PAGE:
UCITS management companies or AIFM: crypto-asset services equivalent to the portfolio management and top-up services for which they are authorized under UCITS/AIFMD framework.
Market operators authorized under MiFID II: operation of a trading platform for crypto-assets.
Central securities depositories: custody and administration of crypto-assets on behalf of third parties.
Bearing in mind that some EU Member States already have in place national regulatory frameworks regulating the crypto-industry, MiCA leaves a possibility for Member States to apply a simplified procedure for applications for an authorization submitted by entities that are already authorized under national law to provide crypto-asset services. In such case, the NCAs will be required to ensure that these applicants comply with key requirements under MiCA.
Further, EU lawmakers have left a possibility for Member States to grandfather the status of authorized CASPs, to entities that provide crypto-asset services in accordance with national frameworks, for up to 18 months after MiCA go live date or until they obtain new MiCA license (whichever sooner).
By following the old reverse solicitation principle common in the financial services industry, MiCA acknowledges that where a third-country firm provides crypto-asset services at the exclusive initiative of an EU customer, license obligation will not apply. Nonetheless, where a third-country firm solicits clients or potential clients or promotes or advertises crypto-asset services or activities to customers in the EU, the license requirement will be triggered and the firm will be deemed as providing regulated crypto-asset services in the EU without a license.
Where a non-EU firm is relying on this reverse solicitation option, it will be prohibited from marketing new types of crypto-assets or crypto-asset services to the EU customer at whose exclusive initiative the service was provided in the first place. That being said, active provision of regulated crypto-asset services from a non-EU country (e.g. UK, US) to EU residents will not be a feasible option for companies that are looking to establish a footprint in the EU.
By adopting MiCA, EU lawmakers have paved the way for the EU to become the largest jurisdiction with a comprehensive regulatory framework on crypto-assets that shall increase the level of regulatory certainty and investor protection within the EU Single Market. Companies looking to obtain authorization under the new regime will be able to gain access to the lucrative European market based on a single set of rules but will nonetheless need to meet a number of regulatory requirements and meet high regulatory expectations. Whereas some firms that are currently operating under national frameworks in some EU Member State (like Germany or Malta) will likely be able to leverage their existing internal frameworks to obtain MiCA license, non-regulated firms shall be prepared to dedicate sufficient amount of time, financial and human resources in order to meet new regulatory requirements under MiCA.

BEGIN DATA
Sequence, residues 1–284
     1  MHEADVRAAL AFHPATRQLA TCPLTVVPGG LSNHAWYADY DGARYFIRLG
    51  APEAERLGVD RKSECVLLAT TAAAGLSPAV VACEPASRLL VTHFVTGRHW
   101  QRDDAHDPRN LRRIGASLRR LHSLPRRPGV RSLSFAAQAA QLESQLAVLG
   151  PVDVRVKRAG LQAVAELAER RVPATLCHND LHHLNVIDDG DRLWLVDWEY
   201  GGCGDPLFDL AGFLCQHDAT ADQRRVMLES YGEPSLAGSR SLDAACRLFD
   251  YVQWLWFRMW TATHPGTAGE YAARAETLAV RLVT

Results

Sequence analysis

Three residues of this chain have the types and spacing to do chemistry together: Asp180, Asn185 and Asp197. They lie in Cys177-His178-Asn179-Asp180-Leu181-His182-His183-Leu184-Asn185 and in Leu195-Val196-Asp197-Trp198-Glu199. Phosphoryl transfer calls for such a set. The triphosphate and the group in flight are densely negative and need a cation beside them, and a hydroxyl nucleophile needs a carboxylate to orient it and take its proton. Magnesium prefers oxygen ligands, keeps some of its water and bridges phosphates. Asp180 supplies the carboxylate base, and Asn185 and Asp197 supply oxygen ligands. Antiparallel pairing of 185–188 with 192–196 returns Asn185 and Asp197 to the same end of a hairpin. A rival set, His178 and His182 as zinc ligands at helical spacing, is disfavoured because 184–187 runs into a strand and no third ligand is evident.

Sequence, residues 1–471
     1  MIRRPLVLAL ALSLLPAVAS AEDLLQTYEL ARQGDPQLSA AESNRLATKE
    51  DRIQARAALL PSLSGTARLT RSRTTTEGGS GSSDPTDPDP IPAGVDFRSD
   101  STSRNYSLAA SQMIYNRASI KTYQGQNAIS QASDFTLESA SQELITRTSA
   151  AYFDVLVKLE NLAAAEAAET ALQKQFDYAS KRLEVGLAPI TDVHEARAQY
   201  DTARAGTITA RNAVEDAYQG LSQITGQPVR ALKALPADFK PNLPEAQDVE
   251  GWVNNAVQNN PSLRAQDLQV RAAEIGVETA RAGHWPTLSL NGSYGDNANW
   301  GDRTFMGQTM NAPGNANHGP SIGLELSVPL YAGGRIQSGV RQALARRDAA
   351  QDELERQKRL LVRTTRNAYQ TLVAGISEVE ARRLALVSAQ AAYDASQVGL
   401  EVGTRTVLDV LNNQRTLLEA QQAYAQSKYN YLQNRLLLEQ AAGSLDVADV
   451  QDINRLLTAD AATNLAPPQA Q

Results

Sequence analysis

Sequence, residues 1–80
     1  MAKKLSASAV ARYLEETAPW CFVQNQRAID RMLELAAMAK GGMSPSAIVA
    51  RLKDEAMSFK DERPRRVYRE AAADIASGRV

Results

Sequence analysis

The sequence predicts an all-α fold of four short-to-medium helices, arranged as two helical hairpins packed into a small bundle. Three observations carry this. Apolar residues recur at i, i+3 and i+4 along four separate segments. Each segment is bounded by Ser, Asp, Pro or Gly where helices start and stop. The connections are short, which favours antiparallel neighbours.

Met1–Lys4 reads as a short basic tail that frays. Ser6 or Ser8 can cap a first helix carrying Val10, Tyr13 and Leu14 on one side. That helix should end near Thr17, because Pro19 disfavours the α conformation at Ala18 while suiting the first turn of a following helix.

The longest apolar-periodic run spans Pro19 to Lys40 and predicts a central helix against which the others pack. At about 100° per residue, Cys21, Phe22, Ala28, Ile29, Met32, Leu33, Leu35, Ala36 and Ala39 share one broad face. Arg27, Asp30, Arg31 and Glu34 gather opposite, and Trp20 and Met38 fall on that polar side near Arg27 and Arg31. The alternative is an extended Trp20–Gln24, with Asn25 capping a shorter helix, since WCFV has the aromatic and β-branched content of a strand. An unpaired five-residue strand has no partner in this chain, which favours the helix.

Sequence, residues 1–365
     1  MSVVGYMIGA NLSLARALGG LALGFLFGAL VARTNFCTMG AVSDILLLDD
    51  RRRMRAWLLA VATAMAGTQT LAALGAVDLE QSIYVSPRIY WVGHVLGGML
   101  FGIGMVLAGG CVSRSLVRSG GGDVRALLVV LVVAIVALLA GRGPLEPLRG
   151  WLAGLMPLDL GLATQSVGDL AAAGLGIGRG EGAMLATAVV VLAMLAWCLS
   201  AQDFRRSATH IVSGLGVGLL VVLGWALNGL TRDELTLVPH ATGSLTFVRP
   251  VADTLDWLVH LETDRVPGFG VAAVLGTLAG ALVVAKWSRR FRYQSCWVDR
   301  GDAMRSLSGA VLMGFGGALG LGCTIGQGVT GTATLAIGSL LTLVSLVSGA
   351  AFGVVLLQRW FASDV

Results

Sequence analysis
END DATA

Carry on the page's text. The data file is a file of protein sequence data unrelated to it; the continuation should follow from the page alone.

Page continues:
And while the EU is still at the forefront when it comes to regulation of the crypto-industry, other jurisdictions around the world appear to be catching up: in the UK, the HM Treasury has recently unveiled the plan for a comprehensive regulatory framework on cryptoassets that, indicates that the UK will create dedicated rules on crypto-assets in several phases starting with the rules on stablecoins first and moving to creation of a designated authorisation framework for crypto-asset service providers at a later stage. In Asia, the Emirate of Dubai and Hong Kong are increasingly competing between each other both looking to become a hub for the crypto-industry in Asia by creating designated and crypto-friendly regulatory frameworks aimed at attracting major companies. Nonetheless, with a single market of nearly 450 million people and the new set of clear set of rules applicable to operators in the crypto-sector, the EU will certainly remain top priority for any firm looking to engage in the provision of crypto-asset services at international level.